Distance and blended learning emerge as a post-COVID tertiary model as restrictions ease and universities stick to remote courses

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But unlike La Trobe, Melbourne does not cite COVID-19 as a reason to stick to remote learning in some classes.

“Our approach to teaching and learning looks to the future rather than reverting to pre-pandemic arrangements, providing on-campus and face-to-face learning enhanced by the best use of technology,” said said the dean of the University of Melbourne, Professor Nicola Phillips. .

Teaching in small and medium groups will take place on campus during the first semester, but Professor Phillips said that while some large group lectures were planned to return to campus, “the university’s educational strategy for some number of years has been to gradually reduce the number of lectures in the curriculum”.

The pandemic forced universities to teach remotely, but also accelerated the shift to more online learning that was happening anyway.

Swinburne University had begun a transition to ‘blended learning’ – i.e. in-person and online – before the onset of the pandemic and has no plans to return to the modes of traditional teaching.

“The 2022 Swinburne Calendar continues an aspect of our 2021 COVID response, where lectures have been replaced by alternative online approaches,” a spokesperson said, adding, “Lectures will only be used where course design as deemed appropriate. delivery learning format.”

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Victoria University is preparing to go even further in its course reduction.

At the end of April, it will open its new vertical CBD campus on Queen Street. The 32-story tower will contain no amphitheaters.

Classrooms would have room for a maximum of 36 people, Vice Chancellor Adam Shoemaker said.

He said the smaller class sizes benefited students from non-English speaking backgrounds or who were the first in their families to attend university.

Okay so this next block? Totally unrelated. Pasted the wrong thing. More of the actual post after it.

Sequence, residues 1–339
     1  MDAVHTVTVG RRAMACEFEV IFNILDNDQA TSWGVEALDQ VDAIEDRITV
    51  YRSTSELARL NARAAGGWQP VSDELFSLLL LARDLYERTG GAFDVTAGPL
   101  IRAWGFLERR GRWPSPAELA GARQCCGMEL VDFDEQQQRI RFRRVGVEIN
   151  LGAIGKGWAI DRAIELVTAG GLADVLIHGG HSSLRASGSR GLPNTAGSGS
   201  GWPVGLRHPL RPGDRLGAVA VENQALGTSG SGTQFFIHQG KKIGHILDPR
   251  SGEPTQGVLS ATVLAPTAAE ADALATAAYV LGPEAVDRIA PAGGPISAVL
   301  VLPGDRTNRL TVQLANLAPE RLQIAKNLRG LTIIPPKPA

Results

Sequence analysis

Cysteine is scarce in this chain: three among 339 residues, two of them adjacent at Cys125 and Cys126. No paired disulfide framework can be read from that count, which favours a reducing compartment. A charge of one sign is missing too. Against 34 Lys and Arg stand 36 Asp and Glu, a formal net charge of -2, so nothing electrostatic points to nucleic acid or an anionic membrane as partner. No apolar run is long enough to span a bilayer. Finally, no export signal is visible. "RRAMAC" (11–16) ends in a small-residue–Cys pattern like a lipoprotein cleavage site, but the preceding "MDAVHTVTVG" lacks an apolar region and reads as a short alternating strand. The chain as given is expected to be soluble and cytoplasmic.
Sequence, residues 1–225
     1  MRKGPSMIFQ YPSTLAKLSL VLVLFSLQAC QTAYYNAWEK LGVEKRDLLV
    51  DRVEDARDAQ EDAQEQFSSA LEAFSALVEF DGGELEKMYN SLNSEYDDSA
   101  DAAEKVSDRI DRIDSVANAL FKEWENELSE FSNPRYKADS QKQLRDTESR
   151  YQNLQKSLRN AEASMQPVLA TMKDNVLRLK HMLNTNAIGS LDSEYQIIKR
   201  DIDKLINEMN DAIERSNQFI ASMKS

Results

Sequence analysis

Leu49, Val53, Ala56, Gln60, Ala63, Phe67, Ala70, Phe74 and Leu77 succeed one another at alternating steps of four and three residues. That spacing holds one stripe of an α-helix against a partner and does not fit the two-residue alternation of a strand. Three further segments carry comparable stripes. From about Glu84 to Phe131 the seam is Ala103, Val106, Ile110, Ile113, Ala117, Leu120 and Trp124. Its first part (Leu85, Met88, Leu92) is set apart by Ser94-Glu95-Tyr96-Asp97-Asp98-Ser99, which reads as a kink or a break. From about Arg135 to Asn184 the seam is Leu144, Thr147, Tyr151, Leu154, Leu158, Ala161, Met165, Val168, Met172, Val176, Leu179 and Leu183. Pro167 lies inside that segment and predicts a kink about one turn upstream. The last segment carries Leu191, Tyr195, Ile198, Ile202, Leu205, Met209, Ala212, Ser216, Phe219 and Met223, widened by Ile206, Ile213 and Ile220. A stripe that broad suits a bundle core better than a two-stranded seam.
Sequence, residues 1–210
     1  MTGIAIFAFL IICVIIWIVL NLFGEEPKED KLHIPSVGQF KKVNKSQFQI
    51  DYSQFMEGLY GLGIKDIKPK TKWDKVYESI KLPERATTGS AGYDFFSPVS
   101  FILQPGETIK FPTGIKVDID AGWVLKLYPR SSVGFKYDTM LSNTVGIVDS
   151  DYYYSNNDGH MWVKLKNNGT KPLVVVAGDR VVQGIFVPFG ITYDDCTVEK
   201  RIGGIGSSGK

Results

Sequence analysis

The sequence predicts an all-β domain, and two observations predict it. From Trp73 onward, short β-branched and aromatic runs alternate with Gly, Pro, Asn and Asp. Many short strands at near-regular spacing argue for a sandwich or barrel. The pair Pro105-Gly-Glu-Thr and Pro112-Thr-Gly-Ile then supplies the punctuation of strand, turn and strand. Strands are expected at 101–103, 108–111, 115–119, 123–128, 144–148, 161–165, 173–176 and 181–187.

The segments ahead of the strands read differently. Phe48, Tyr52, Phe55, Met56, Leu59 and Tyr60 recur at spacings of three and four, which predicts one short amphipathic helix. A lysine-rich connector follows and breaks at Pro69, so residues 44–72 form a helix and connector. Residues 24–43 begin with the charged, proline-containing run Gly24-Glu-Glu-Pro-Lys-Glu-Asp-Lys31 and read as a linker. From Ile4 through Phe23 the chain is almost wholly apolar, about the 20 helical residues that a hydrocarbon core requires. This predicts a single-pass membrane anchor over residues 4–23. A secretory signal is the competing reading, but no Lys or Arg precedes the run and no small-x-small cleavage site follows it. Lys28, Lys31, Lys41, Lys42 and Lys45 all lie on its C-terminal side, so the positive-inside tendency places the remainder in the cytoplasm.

“Just think west of Melbourne – that’s about the size of Adelaide in population, and over 120 countries. It’s the perfect model for that.

Julie Kimber, a senior lecturer at Swinburne’s School of Social Sciences, Media, Film and Education, was skeptical of the supposed benefits for students of moving away from large-scale lectures, arguing it was cheaper and more convenient for universities.

“A good conference can’t be beat – it captures the energy and emotion of large groups, there’s a passion that you can’t translate into two-dimensional form,” Dr. Kimber said. “Students are incredibly missed.”

Asker Hohwy Barclay, an arts student at the University of Melbourne, says he “feels deprived of a lot of my college experience”. Credit:Joe Armao

Asker Hohwy Barclay, a third-year arts student at the University of Melbourne, is aiming for a full on-campus education this semester.

He postponed his studies last year because he had become so demoralized from nearly two years of impersonal distance learning in his bedroom.

“To put it bluntly, I feel like a lot of my college experience was stolen from me,” he said. “There’s nothing you can do about a global pandemic, but…if I wanted to take an online course, I would have gone to open universities,” he said.

“I want to gain college experience that has been touted for so long.”

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